To feminist women of color,
I got the idea for this letter a few weeks ago, when I overheard one of your brethren saying how she had opted not to go out that night because (and I quote as best I can remember) “WP’s act like children when drunk” and “WW’s are the worst because whenever you go out with you friends you always end up playing babysitter”.
Frankly, I’m a little miffed that you think I can’t figure out a code as flimsy as “WP’s” and “WW’s”, but I digress. I’m not going to be offended about that. Frankly, I agree with you. White women especially can get pretty awful when drunk. I understand where you’re coming from on this.
What I can’t understand, though, is why you stick up for these people. Here’s the thing: the individuals this particular woman was talking about were all young, progressive-leaning women of college age who identified as feminists. Young, white feminists. In other words, they are your allies as feminist women of color. Yet, why do you support them?
On the surface, you all purport to hold the same ideals dear: gender equality, an end to rape culture, sexual and reproductive freedom…etc. Still, I am one of those individuals who always finds himself looking deeper, and I can’t help but notice that in practice, white feminists have very different aims from feminists of color.
Feminism is a white movement. It has been from the beginning. One might even say that the feminist system has it its core an implicit whiteness that sometimes has trouble reconciling the needs of the other. It certainly seems at times to uphold the idea of the white woman as the perfect feminist icon. How does that make you feel?
But this is a little abstract. Let’s examine an example: Sheryl Sandberg. As a woman who has achieved monumental success working within the male-dominated tech industry and who provided the inspiration for the Lean In movement, she is without doubt one of the most notable feminist icons in the United States today.
We are, of course, talking about someone who has taken flack for using and attempting to extort others, who has not been so egalitarian when it comes to who she helps “lean in”, and who seem to not want to talk about diversity at Facebook. Worst of all, it wouldn’t be off-base to accuse her of co-opting the Lean In movement for reasons of personal marketing and using false statistics when it makes herself seem relevant.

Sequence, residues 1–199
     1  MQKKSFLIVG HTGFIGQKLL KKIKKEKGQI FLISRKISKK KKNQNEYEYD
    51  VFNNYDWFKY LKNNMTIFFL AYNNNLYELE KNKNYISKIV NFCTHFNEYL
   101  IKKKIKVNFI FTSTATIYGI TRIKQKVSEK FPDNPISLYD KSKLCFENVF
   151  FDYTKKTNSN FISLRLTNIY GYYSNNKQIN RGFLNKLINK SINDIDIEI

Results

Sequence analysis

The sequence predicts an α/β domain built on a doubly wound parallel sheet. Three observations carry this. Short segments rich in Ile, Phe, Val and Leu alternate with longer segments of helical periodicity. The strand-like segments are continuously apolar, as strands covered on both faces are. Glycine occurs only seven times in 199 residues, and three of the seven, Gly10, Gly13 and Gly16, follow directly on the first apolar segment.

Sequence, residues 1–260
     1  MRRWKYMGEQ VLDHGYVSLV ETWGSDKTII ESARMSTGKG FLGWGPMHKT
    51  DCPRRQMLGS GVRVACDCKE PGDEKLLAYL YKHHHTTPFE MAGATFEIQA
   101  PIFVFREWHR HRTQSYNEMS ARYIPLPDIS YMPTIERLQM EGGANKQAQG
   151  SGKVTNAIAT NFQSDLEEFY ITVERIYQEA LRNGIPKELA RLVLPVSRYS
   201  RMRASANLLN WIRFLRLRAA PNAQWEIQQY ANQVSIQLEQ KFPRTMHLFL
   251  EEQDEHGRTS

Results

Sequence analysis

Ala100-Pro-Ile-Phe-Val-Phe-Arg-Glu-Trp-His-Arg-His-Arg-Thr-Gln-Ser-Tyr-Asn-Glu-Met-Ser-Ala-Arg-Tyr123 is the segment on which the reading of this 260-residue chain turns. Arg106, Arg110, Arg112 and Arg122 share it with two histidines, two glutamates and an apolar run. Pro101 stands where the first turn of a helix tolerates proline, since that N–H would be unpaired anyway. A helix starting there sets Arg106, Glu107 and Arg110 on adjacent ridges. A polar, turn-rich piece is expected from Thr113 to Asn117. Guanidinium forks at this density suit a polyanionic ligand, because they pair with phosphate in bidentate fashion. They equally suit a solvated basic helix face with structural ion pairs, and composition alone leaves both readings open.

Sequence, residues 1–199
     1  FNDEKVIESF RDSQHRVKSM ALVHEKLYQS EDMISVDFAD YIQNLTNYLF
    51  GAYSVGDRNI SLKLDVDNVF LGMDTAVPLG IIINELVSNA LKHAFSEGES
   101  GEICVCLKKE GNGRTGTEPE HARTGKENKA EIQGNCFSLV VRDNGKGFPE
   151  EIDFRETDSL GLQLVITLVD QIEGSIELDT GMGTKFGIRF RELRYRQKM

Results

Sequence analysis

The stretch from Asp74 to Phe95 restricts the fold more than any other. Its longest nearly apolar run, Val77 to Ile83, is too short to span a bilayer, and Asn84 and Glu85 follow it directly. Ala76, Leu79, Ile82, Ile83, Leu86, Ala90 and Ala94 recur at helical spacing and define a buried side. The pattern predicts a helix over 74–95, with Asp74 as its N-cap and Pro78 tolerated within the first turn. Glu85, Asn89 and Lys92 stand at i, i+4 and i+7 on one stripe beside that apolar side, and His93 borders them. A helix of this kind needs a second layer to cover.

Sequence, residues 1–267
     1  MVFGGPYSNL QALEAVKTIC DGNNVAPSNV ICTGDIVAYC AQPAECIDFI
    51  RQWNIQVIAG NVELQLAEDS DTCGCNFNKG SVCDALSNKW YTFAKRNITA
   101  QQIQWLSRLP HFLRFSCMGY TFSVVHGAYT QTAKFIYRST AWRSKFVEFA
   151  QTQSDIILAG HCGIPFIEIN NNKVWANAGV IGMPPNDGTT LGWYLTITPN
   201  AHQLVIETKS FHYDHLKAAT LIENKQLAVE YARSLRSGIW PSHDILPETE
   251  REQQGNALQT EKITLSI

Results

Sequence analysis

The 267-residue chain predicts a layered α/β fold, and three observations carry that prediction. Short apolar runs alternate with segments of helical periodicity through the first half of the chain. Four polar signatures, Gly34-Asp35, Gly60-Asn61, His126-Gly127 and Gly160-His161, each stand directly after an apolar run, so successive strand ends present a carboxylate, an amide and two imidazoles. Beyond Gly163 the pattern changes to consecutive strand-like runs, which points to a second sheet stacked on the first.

I bring this up because this sort of behavior is symbolic of how all white feminists have treated their feminist sisters of color, treating them as props for social status and using them as stepping stones on their career path, if not ignoring them completely.
Search your feelings. You know this to be true. Feminism was never about you. It was about white women, and you’re just a footnote to them. Have you ever felt that sometimes white feminists were being disingenuous around you, or maybe even toward you? Trust those feelings.
Now, I admit it, white feminists are powerful allies. I can understand if you don’t want to break with them entirely. Still, it seems clear that their interests are not your interests, and tying yourself to them completely will serve only to help them get what they want at the expense of you getting what you want.
If you’re really as proud as you say you are (and I certainly don’t see why you shouldn’t be), than you should know you can do better than that. No matter how much white feminists may talk about “empowerment”, you’re smart enough to know that’s a myth. That aren’t empowering you. They’re using that sort of rhetoric to keep you down. Deep down, they understand a fundamental truth about power: Power that is given to you is power that cannot be relied upon. The only power you can completely trust is that which you have worked for and seized for yourself.
White feminist pulled one over on you so they could sleep around and do as they please without consequence while still being guaranteed a comfy job in marketing or human resources once they were done, using you when they needed and ignoring you when it was convenient. Solidarity is for white women indeed…
Now, I get it. They may not be perfect, but they’re still feminists. They’re still your sisters. I get it. They’re also still white. I’ll leave you to decide which matters more (no judgment).
Finally, one last thing. Ta-Nehisi Coates recently made the case that blacks deserve reparations for slavery and their treatment throughout the history of the United States. Might feminists of color deserve reparations from their white sisters too?